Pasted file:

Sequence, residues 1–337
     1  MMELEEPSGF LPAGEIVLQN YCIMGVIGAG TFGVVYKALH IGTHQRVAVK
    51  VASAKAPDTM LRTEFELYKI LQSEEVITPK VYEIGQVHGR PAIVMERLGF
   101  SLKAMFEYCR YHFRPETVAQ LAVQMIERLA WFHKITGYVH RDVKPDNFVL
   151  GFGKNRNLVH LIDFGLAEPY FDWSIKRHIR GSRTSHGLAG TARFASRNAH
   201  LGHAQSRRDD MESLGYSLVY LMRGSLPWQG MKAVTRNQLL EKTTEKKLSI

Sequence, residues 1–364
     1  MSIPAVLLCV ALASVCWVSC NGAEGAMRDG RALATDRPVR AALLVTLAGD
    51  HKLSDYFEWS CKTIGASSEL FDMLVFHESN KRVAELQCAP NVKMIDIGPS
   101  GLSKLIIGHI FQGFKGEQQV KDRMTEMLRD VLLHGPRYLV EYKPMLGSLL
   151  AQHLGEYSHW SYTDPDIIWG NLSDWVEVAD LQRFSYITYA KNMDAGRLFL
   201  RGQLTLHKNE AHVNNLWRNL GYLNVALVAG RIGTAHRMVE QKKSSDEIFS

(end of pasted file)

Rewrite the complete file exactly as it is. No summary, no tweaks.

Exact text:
Sequence, residues 1–337
     1  MMELEEPSGF LPAGEIVLQN YCIMGVIGAG TFGVVYKALH IGTHQRVAVK
    51  VASAKAPDTM LRTEFELYKI LQSEEVITPK VYEIGQVHGR PAIVMERLGF
   101  SLKAMFEYCR YHFRPETVAQ LAVQMIERLA WFHKITGYVH RDVKPDNFVL
   151  GFGKNRNLVH LIDFGLAEPY FDWSIKRHIR GSRTSHGLAG TARFASRNAH
   201  LGHAQSRRDD MESLGYSLVY LMRGSLPWQG MKAVTRNQLL EKTTEKKLSI

Sequence, residues 1–364
     1  MSIPAVLLCV ALASVCWVSC NGAEGAMRDG RALATDRPVR AALLVTLAGD
    51  HKLSDYFEWS CKTIGASSEL FDMLVFHESN KRVAELQCAP NVKMIDIGPS
   101  GLSKLIIGHI FQGFKGEQQV KDRMTEMLRD VLLHGPRYLV EYKPMLGSLL
   151  AQHLGEYSHW SYTDPDIIWG NLSDWVEVAD LQRFSYITYA KNMDAGRLFL
   201  RGQLTLHKNE AHVNNLWRNL GYLNVALVAG RIGTAHRMVE QKKSSDEIFS